The lithic meditations of the tribes of the Kalahari Desert, where the Gibeon Meteor impacted upon Earth in prehistoric times, may well have resulted in interpretations of a different kind. English Captain and Explorer Sir James E. Alexander, who was the first Westerner to discover the Gibeon, noted that these tribes used pieces of meteor to make tools and weapons. Most likely they may have also worshiped fragments of these fallen stones, as has been noted in many instances, making the Widmanstätten cursive the oldest sacred text in Solar System.

widmanstattenWidmanstätten Pattern

gibeonSphereWidmanstätten Pattern – Gibeon Sphere

Further Reading:

The Stone As A Witness Of Time in which Rohit Gupta explores the concentric geometry of Banded Agates as ‘encoding imprints of eclipses, occultations and syzygys’ and as the ‘etched memory of every single diurnal rotation of the planet on its solitary axis’. Furthermore his entire blog Compasswallah provides excellent reading.

The Writings of Stones – Images, annotations and quotes from Roger Caillois’s out-of-print book at 50watts.

The Worship of Meteorites – Hubert A. Newton

Related at Dataisnature:

The Lost Kingdoms and Scripts of the Lichens
Hypogean Wildstyle: Dominik Strzelec’s Byzantine Geology
Banded Agates, Sonic Hydrodynamics & the BZ Reaction
The Wave – Earth Waveform Oscillations

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Stanley Tigerman & G. T. Crabtree – The Formal Generators of Structure

The Formal Generators of Structure - Stanley Tigerman & G. T. CrabtreeThe Formal Generators of Structure – Stanley Tigerman & G. T. Crabtree

Architect Stanley Tigerman’s ‘The Formal Generators of Structure’ (Architecture & Urbanism Journal, 1975) explored the combinatorial use of rectilinear shapes to generate volumetric, optical and architectonic compositions. Spatial configurations of the square and cruciform are extruded to create axonometric projections reminiscent of the ‘ideal’ geometricism of the De Stijl school and the works of Op-artists such as Albers and Vasarely who toyed with the square to infinity through structural multiplicity and chromatic modulation. Tigermans paper published alongside his series of drawings (with G. T. Crabtree) explores many other examples of squared axonometry in art and architecture noting that:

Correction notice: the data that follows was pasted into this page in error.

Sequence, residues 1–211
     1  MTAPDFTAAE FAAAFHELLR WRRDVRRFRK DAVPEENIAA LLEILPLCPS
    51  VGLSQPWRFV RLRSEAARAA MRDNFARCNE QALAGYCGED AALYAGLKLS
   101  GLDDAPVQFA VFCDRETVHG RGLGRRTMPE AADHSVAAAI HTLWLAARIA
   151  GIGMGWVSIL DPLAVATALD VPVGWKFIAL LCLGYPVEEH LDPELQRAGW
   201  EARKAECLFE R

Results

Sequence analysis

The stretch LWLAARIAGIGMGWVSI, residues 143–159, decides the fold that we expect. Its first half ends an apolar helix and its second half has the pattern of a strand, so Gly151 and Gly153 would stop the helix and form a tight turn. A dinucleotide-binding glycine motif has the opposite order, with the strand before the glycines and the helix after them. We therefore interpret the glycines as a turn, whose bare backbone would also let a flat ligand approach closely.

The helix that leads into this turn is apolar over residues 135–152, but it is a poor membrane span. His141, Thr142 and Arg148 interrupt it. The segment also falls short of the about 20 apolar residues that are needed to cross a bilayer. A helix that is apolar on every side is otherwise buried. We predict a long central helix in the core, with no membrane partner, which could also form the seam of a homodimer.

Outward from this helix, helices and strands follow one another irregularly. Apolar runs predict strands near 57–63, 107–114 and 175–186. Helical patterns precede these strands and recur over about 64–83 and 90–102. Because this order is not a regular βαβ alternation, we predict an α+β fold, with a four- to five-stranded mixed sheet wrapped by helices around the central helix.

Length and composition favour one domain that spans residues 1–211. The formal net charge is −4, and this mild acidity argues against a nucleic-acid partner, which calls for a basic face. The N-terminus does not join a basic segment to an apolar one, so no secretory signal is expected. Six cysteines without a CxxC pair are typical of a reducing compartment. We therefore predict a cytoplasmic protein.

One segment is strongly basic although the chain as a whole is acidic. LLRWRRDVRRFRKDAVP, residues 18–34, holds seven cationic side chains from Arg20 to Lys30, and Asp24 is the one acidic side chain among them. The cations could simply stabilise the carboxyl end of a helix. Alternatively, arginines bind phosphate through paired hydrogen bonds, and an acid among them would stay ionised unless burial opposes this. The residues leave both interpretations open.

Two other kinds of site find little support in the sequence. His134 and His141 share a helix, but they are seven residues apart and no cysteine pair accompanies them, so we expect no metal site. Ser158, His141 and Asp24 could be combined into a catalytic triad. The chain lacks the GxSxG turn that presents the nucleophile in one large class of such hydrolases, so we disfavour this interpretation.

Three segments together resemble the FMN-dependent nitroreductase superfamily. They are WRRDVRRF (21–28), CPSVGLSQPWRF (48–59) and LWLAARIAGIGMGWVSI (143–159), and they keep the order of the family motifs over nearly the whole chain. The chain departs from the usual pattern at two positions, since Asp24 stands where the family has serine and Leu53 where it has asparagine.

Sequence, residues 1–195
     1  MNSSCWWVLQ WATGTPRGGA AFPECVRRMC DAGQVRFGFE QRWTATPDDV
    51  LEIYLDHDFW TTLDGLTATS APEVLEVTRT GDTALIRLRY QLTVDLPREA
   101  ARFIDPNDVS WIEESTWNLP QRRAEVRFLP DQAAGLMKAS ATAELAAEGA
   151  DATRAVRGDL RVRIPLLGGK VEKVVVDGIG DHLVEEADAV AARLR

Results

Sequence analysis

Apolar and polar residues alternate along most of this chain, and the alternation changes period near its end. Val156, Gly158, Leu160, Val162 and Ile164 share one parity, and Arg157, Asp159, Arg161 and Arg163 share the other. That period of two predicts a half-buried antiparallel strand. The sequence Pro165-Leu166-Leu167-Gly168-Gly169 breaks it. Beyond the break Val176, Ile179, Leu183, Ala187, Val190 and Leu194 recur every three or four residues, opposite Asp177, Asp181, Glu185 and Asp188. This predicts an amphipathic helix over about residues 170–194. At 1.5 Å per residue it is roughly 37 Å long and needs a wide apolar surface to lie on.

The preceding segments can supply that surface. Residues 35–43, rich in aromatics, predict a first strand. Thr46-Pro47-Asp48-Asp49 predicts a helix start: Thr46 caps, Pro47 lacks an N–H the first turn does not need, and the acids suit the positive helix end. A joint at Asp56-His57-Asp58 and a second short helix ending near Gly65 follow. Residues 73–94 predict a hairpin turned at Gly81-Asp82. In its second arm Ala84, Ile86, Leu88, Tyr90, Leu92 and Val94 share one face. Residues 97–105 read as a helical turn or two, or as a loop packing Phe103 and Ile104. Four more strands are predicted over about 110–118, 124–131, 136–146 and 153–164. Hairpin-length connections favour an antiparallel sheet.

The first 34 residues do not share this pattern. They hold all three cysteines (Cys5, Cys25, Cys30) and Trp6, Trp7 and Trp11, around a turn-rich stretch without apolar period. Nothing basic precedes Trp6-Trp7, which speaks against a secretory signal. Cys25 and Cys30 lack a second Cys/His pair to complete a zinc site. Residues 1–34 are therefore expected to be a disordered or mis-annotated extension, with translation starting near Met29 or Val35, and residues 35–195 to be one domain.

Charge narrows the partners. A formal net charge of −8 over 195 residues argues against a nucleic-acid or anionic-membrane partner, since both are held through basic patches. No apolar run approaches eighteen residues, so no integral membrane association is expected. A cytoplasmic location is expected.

‘Two rationalizations of the Western World have focused on the unchanging qualities of the right angle. One has been synthesized in art as a formal universality in the form of the square. The other has been synthesized in religion as a spiritual universality in the form of the cross’

The Formal Generators of Structure - Stanley Tigerman & G. T. Crabtree

The Formal Generators of Structure - Stanley Tigerman & G. T. Crabtree

The Formal Generators of Structure - Stanley Tigerman & G. T. Crabtree

The Formal Generators of Structure - Stanley Tigerman & G. T. Crabtree

The Formal Generators of Structure - Stanley Tigerman & G. T. Crabtree

The Formal Generators of Structure - Stanley Tigerman & G. T. Crabtree

The Formal Generators of Structure - Stanley Tigerman & G. T. Crabtree

The Formal Generators of Structure - Stanley Tigerman & G. T. Crabtree

The Formal Generators of Structure - Stanley Tigerman & G. T. Crabtree

The Formal Generators of Structure - Stanley Tigerman & G. T. CrabtreeThe Formal Generators of Structure – Stanley Tigerman & G. T. Crabtree

While pinpointing fundamental expressions of the square, historically, such as the Golden Rectangle and Le Modulor, Tigerman also looks forwards towards future computational strategies for composition.

‘As the world of art, as well as that of science comes to grips with ‘Systems Analysis’ and ‘The Field Theory’, it is necessary to formally analyze certain two dimensional, man-made diagrams to ascertain their fundamental characteristics to better under-stand the role they will play in the forthcoming computerized world of networks and lattices’

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Gravity is the Insidious Enemy of the Animate

Halo3 Screenshot - ThosHalo3 Screenshot – Thos

In 2007, gamer forum user Thos posted stills from a game of Halo 3 generated by a corrupt X-box. The sense of space and perspective is reconfigured through erroneous z-indexing and extreme texture scaling. Familiar buildings and vehicles are deconstructed to cubist extremities so that the rules of the game take on a more exploratory mode of interaction [also see previous post].

Halo3 Screenshot - ThorHalo3 Screenshot – Thos

drawing_woodsDrawing – Lebbeus Woods

These auto-destructive renderings of anomalous landscapes might by compared to the celebrated drawings of Lebbeus Woods. Woods’s broken and shattered façades, albeit elegantly composed, mock the Modernist ideal of an architectural utopia. His roboid skyscrapers half-eaten by parasitic substructures are viruses and program execution errors in the world of ‘established’ architecture.